According to a Wednesday statement by B’Tselem, this is the highest number since 2016, when nearly 1,500 Palestinians were left with nowhere to live.
The statement came a day after Israeli military destroyed the homes of nearly 80 Palestinian Bedouins in the occupied West Bank in a rare operation targeting an entire community at once.
Israeli bulldozers razed the homes of Palestinians living in the Humsa al-Bqai’a Bedouin community in the north Jordan Valley late on Tuesday.
Israel uses US election to cover up demolitions
Reacting to the move, Palestinian Prime Minister Mohammed Shtayyeh called on the international community to take action against Israeli troops’ attempt to “displace the citizens of Khirbet Humsa and tens of similar communities from their homes and lands.”
He said Israel “chose this evening to commit another crime” as the attention is focused on the United States presidential election.
“The wiping off of a whole community at once is extremely rare, and it seems like Israel was making use of the fact that everyone’s attention is currently set elsewhere to move forward with this inhumane act,” Amit Gilutz of B’Tselem said, referring to the US presidential election.
Gilutz said this year, Israel broke a four-year record in the number of Palestinians it displaced by destroying their homes.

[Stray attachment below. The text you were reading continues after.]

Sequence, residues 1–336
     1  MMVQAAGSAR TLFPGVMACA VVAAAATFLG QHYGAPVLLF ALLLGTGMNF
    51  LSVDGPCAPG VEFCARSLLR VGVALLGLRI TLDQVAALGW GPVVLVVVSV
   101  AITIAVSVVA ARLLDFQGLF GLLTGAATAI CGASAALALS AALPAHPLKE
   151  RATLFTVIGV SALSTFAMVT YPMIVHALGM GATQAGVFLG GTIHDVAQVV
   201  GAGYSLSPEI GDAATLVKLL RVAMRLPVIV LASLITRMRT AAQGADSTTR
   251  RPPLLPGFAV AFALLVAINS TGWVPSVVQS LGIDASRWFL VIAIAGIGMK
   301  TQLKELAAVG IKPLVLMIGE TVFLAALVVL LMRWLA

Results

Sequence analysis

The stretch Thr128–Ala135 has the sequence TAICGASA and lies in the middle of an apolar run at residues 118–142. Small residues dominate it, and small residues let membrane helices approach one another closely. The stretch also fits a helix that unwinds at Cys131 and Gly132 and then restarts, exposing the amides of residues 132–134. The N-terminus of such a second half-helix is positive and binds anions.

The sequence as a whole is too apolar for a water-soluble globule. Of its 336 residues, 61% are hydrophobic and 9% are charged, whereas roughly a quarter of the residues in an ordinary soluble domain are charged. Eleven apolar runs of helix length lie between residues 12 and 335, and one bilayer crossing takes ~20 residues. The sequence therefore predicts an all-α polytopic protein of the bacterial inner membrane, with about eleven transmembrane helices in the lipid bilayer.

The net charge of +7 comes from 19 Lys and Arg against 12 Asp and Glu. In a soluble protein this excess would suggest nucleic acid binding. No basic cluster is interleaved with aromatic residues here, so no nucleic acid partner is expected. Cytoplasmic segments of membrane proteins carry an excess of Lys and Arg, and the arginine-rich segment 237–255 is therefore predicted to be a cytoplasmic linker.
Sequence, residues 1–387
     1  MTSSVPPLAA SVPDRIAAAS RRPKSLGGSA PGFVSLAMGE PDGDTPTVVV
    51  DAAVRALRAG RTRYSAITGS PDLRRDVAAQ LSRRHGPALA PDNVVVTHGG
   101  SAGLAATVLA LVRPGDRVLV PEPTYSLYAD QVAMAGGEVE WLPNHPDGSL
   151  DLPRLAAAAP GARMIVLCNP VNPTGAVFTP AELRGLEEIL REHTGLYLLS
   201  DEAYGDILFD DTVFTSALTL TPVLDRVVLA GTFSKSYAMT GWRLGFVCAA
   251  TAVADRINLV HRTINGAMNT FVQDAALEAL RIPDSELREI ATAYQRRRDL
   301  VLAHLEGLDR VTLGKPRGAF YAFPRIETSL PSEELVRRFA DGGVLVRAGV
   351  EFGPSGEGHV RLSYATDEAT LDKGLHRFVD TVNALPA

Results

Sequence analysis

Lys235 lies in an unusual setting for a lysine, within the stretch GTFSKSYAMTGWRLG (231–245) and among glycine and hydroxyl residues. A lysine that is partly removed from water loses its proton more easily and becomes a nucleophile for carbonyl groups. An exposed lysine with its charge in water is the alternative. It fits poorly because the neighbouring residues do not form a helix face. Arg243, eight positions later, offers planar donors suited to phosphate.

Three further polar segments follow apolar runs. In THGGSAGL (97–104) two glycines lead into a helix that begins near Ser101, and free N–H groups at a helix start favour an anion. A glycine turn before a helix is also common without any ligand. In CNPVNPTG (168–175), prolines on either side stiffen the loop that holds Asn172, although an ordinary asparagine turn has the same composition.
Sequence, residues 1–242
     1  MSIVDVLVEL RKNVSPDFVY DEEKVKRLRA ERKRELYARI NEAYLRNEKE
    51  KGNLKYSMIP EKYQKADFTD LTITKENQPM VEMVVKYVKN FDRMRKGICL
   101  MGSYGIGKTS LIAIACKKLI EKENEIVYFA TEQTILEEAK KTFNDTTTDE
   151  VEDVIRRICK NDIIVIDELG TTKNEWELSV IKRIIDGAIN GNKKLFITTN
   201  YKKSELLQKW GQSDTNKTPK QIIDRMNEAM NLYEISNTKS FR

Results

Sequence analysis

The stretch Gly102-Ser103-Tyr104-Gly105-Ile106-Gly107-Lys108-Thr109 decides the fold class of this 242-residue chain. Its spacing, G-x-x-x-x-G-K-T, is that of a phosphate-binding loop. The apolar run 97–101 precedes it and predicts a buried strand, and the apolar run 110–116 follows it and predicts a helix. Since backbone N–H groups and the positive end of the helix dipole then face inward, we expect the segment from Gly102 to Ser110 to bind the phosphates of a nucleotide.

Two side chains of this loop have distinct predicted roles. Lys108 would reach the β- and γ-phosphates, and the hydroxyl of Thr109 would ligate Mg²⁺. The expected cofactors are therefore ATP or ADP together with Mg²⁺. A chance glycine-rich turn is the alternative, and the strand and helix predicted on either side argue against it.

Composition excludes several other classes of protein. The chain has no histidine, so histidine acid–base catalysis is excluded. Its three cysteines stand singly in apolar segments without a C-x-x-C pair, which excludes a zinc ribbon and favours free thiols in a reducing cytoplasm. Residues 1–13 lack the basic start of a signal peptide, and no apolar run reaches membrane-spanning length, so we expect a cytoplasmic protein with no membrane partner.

According to data compiled by the United Nations Office for the Coordination of Humanitarian Affairs (OCHA), Tuesday’s clearing was the single largest demolition since 19 July 2010, in terms of numbers of structures affected.
On Wednesday, the displaced families were seen trying to salvage their belongings from the wreckage in the freezing rain.
A Palestinian aid group has provided tents as temporary shelter for those who lost their homes, but residents said they were not sufficient for the village’s families, including children. They said villagers were now sleeping on the rubble of their destroyed shacks.
“Their vulnerability is further compounded by the onset of winter and the ongoing COVID-19 pandemic,” said OCHA’s humanitarian coordinator Yvonne Helle, who also strongly called on Israel to halt unlawful demolitions.
“Some of the demolished structures had been donated as humanitarian assistance,” she said.
Last month, OCHA warned that between March and August, during the height of the coronavirus pandemic in Israel and the occupied Palestinian territories, they recorded the highest destruction rate in the West Bank in four years.
OCHA data shows that Tuesday’s demolition is second only in scale to a clearing that took place in al-Farisiya Ihmayyer in the northern Jordan Valley on 19 July 2010.
The last time such a large group of people was displaced was in March 2016.
Israeli authorities claim that homes in the occupied West Bank have been built without permits. They also sometimes order the Palestinian owners to tear down their own homes or pay the demolition costs to the municipality.